So now the Bruins management team and coaching staff will be anxious to see what Horton can bring them as he approaches unrestricted free agency following the shortened 2013 season.

The lockout was a silver lining for Horton because hes had that much more time to recover, said Peter Chiarelli. Now weve had enough rest, so were no longer fatigued from a Stanley Cup win. I think it just speaks to motivation that these guys are in a short season, so anything can happen.

Its a sprint and lets get going. Its more that the longer theyve been out now, the more motivated they are going to be.

Its been quite the year for Horton. It started with a hellish concussion in January, but also included the birth of his second child over the summer that ostensibly kept him from potentially skating overseas like so many other NHL players. Now its a new year and Horton is again back on the ice, and hes looking for the happy hockey story this time around after working hard to get to this point.

Report: Ainge wouldn't trade Nets pick for Butler, but would for George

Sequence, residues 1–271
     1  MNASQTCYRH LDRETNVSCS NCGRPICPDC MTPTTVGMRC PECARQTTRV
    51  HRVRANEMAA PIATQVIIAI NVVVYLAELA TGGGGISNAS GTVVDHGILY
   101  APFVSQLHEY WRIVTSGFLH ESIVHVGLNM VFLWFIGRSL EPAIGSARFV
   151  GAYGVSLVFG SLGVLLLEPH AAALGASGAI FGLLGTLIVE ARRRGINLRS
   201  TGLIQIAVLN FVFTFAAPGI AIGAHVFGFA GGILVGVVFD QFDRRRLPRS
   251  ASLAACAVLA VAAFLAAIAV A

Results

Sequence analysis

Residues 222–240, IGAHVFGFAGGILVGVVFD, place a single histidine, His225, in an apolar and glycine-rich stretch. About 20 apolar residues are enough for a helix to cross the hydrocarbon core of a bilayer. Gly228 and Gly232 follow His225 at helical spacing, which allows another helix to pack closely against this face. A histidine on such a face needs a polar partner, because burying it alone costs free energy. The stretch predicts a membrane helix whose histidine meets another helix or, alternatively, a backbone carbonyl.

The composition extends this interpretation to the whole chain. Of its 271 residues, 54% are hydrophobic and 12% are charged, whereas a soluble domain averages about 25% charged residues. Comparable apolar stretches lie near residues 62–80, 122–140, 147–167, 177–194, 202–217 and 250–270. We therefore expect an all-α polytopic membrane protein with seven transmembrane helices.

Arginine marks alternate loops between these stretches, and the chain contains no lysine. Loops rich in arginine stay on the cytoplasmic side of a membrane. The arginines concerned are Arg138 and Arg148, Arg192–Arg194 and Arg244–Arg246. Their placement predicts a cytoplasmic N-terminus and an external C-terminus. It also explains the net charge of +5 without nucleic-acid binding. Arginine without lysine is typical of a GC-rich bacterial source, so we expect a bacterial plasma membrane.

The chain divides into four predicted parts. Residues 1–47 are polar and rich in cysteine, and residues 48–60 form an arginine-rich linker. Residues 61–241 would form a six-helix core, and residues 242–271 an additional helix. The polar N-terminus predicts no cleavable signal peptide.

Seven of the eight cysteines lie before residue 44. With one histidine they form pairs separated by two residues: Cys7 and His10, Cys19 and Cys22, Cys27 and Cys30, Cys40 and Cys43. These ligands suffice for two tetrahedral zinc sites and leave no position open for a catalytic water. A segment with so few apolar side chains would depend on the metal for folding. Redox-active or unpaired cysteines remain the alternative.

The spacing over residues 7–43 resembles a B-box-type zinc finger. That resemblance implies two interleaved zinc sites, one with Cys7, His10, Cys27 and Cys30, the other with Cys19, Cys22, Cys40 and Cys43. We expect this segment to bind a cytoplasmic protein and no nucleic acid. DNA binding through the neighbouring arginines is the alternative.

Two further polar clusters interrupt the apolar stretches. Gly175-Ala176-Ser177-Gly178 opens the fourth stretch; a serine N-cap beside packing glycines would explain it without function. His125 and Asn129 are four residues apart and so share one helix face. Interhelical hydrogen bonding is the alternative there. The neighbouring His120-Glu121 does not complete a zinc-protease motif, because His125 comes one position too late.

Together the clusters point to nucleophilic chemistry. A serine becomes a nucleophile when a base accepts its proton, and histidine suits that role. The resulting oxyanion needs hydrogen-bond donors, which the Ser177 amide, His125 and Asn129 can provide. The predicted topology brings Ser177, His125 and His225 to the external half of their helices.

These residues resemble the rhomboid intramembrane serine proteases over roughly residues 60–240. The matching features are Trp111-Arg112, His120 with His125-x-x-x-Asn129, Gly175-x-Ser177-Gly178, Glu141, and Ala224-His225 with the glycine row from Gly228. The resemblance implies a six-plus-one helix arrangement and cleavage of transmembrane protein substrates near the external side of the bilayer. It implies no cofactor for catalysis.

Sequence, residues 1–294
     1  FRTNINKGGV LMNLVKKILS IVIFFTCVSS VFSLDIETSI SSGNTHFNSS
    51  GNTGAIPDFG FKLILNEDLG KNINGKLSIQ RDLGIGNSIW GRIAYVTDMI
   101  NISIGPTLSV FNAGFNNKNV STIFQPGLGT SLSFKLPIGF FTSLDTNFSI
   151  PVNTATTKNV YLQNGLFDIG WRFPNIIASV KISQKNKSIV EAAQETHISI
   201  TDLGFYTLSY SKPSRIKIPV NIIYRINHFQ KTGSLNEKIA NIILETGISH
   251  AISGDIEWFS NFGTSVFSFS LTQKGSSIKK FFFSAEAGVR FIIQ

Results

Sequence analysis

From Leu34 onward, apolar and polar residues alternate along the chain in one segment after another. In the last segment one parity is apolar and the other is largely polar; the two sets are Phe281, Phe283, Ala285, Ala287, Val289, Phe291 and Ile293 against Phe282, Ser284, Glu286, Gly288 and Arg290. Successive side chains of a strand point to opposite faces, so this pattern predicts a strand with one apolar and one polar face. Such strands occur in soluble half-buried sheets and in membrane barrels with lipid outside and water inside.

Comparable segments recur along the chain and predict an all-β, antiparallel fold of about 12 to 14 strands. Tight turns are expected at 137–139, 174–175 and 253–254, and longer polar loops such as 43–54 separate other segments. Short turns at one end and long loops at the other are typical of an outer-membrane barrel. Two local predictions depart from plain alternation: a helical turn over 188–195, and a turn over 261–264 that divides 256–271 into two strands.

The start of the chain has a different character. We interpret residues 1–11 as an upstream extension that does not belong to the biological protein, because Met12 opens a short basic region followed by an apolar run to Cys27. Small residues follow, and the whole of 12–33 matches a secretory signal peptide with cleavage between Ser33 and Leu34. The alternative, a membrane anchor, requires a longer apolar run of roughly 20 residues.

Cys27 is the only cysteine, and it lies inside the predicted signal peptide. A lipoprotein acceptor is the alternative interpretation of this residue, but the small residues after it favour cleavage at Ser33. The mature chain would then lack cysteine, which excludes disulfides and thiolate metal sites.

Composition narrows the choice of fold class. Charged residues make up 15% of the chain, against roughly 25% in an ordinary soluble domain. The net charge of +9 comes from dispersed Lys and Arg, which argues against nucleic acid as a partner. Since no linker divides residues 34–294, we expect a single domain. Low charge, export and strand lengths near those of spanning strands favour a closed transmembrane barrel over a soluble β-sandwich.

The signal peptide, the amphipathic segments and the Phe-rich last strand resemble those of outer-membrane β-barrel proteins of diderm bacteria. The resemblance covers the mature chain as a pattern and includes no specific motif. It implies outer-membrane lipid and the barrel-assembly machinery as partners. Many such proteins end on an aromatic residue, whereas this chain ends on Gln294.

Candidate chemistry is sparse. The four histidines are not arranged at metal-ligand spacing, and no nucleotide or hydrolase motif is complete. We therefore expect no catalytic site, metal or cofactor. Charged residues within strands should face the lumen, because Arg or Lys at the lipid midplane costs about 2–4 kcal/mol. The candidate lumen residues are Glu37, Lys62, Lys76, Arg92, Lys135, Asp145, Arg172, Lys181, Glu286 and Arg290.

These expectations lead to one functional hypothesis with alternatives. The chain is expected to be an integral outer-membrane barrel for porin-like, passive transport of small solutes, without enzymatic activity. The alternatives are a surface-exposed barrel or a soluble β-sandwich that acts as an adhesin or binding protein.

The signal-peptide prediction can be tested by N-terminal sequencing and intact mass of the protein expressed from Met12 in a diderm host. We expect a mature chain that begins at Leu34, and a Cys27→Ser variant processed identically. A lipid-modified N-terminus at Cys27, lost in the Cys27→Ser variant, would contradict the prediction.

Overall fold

Report: Ainge wouldn't trade Nets pick for Butler, but would for George

Will the Celtics part with the right to Brooklyn’s 2017 first-round pick in order to get a star before Thursday’s trade deadline? 


Citing a pair of NBA executives, Frank Isola of the New York Daily News wrote this week that Danny Ainge’s willingness to trade the pick should be in doubt.

Sola named Chicago’s Jimmy Butler and Paul George as potential targets, adding that the C’s might include the latter.   

Wrote Isola: 

Two executives doubt that Ainge, who historically plays it close to the vest, would give up the Nets pick in a deal for Butler. However, Ainge might consider it in a trade for George, the Pacers-free agent-to-be who has expressed doubts over re-signing with the Pacers.

‘With Danny, no one ever knows what he might do,' said the executive. ‘He's one of the best. If he thinks he can make a run at the Cavs this season, considering all the injuries Cleveland has had, I can see him making a move.